With the growing need for more educational space, decision-makers are increasingly embracing long and short-term rentals as an effective solution to expedite the construction of high-quality buildings.
Mark Rooney, divisional director for Premier Modular’s rental business says, “Many educational institutes we speak with need additional space in the short-term, for example, when they’re upgrading current buildings. Our buildings provide all the comfort of a permanent building but they’re able to ‘send it back’ when it’s no longer needed.
Installations are meticulously planned to ensure children’s safeguarding and keep disruption to teaching to a minimum, whether that’s by installing at weekends or during term breaks.”
Moreover, the adoption of reusable and temporary buildings helps educational institutions reduce their carbon footprint dramatically.
When Brambles School required temporary educational space for children with special educational needs (SEN) during the construction of their permanent academy, an efficient solution was swiftly implemented. Within a span of eight weeks, a purpose-built therapeutic environment was designed and installed, encompassing various essential elements. This included intricate groundworks such as landscaping and drainage, the construction of five modular classrooms with dedicated sensory areas, provision of cleaning facilities and changing rooms, complete mechanical and electrical (M&E) installations including customised toilets with automated basins, and the addition of a playground canopy.
Ensuring minimal disruption was a top priority during the implementation of the project. The construction works were strategically scheduled to take place primarily during the summer holidays and weekends, allowing the facility to be fully operational by the start of the September term, thus minimising any interruptions to the school’s regular activities. Recognising the concerns of the local community regarding delivery and crane operations on the site, Premier Modular took proactive measures to address these issues. They collaborated closely with the school and engaged in open and transparent communication with the community, actively addressing their concerns and providing reassurance throughout the process. By fostering a cooperative and inclusive approach, Premier Modular successfully alleviated the community’s apprehensions and ensured a smooth and well-accepted execution of the project.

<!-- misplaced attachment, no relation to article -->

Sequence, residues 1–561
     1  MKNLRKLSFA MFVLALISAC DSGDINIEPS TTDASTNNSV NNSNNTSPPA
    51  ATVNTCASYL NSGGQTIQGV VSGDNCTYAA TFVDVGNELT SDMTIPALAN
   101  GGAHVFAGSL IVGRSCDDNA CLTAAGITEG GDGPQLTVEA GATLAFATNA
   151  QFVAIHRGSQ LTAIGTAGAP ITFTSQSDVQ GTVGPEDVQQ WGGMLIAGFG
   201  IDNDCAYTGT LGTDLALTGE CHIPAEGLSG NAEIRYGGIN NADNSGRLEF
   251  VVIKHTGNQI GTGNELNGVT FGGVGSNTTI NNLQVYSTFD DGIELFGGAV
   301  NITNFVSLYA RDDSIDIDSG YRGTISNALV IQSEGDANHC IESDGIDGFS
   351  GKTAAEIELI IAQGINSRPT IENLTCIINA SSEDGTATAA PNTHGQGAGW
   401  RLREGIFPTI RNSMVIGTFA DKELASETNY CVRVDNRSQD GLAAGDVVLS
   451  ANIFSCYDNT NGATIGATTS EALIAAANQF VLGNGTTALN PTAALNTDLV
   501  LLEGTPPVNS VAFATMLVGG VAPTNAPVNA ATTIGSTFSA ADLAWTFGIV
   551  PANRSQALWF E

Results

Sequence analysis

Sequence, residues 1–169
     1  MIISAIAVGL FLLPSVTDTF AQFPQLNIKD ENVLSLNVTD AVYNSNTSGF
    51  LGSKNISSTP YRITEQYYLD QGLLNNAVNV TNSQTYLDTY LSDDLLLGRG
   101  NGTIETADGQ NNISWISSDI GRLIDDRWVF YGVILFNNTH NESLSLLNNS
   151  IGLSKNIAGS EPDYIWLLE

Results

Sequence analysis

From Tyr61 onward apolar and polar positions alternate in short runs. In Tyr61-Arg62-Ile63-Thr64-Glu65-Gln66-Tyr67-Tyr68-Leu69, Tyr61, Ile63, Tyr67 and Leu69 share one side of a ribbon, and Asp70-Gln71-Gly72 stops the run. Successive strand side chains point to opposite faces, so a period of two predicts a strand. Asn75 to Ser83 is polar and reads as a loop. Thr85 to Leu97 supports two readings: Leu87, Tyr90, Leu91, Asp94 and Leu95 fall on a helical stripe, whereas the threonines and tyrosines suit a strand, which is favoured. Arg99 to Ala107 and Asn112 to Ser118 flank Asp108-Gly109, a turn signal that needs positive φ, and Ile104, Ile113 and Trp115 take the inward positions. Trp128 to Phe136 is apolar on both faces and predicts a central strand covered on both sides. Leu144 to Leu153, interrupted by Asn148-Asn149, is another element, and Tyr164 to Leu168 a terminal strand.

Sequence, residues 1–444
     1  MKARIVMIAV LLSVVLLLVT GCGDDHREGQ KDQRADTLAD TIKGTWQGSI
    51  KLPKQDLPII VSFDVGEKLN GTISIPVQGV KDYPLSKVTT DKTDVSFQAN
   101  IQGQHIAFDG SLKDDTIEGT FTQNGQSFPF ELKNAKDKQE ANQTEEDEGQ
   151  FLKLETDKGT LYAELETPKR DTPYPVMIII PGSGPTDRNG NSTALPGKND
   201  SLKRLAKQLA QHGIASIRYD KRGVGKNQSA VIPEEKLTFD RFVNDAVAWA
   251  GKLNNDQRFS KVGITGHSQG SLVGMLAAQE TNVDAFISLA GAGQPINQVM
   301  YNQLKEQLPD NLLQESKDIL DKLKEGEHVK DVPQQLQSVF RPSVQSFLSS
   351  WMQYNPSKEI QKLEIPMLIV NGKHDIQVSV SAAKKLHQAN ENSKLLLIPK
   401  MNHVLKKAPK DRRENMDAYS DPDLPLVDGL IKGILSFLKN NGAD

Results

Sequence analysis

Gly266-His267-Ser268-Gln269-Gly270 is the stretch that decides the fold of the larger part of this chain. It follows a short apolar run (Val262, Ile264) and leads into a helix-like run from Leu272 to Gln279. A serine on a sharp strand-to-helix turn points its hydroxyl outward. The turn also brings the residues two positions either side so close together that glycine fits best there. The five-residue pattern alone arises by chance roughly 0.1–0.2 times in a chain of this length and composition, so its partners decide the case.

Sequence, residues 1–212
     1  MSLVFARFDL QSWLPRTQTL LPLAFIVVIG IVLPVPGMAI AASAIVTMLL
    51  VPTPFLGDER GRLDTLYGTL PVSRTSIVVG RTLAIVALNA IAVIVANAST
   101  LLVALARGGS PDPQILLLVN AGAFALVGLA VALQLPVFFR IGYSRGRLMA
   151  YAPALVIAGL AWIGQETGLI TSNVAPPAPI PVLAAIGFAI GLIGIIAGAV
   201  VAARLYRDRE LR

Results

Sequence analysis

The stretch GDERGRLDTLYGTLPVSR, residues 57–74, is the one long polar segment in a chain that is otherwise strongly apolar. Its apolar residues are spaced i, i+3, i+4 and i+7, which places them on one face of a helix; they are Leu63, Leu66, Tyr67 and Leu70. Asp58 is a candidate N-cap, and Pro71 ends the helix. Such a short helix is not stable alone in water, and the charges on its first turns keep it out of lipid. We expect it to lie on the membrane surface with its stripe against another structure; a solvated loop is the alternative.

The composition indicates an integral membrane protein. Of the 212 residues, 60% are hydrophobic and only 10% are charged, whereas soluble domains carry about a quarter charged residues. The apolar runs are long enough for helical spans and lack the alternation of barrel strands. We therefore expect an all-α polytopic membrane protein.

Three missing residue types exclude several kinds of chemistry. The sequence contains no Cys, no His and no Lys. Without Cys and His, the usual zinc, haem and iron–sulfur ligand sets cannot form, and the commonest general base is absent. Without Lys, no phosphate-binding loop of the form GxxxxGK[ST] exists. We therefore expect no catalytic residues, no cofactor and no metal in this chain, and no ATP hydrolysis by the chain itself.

By adopting an offsite approach, Premier Modular effectively reduces the number of vehicle movements to the construction site, resulting in decreased carbon emissions. The use of low carbon products, materials, and technology throughout the construction process is prioritised, further minimising their environmental footprint. This commitment to sustainability not only aligns with Premier Modular’s goals but also contributes to a greener and more eco-friendly construction industry. By embracing modular construction, they continue to pave the way for more sustainable building practices in the quest for a greener future.
TEDI-London required a temporary facility to fulfil its vision of providing transformative engineering education for the next seven years, until it could establish a permanent home. The modular unit chosen for this purpose offered numerous environmental benefits that aligned with their sustainability goals.
One notable advantage of the modular unit was its reusability or recyclability once the institute relocated. This approach minimised waste and promoted resource efficiency. Additionally, the lightweight steel frames used in the construction eliminated the need for intrusive deep pile foundations, reducing the project’s environmental impact. The offsite construction process ensured zero waste to landfill, further enhancing sustainability.
During the pre-construction stages, TEDI-London collaborated with acclaimed architects Hawkins/Brown to develop the architectural framework. Attention was given to optimising material usage, particularly for the timber cladding. Precise setting out of the cladding minimised material waste, while wider gaps in the upper areas of the structure reduced the overall material requirements.
Internally, the temporary building focused on energy efficiency to maximise sustainability. It incorporated low-energy LED lighting with motion sensors to minimise electricity consumption. Highly efficient heating and cooling systems utilising air source heat pumps were implemented for climate control. Mechanical heat recovery ventilation, integrated with the building management system, ensured efficient air circulation. The choice of Siberian larch cladding not only provided an aesthetically pleasing appearance but also offered the advantage of being reusable or recyclable.
As a result, the client and its tenants achieved cost efficiency, enjoying premium facilities, whilst simultaneously practising sustainable solutions.
The forward-thinking approach of embracing modular and portable solutions not only meets the immediate requirements for additional space but also sets a sustainable foundation for the future of education. By combining flexibility, functionality, and eco-consciousness, the integration of modular classrooms offers a pathway to both educational excellence and environmental responsibility.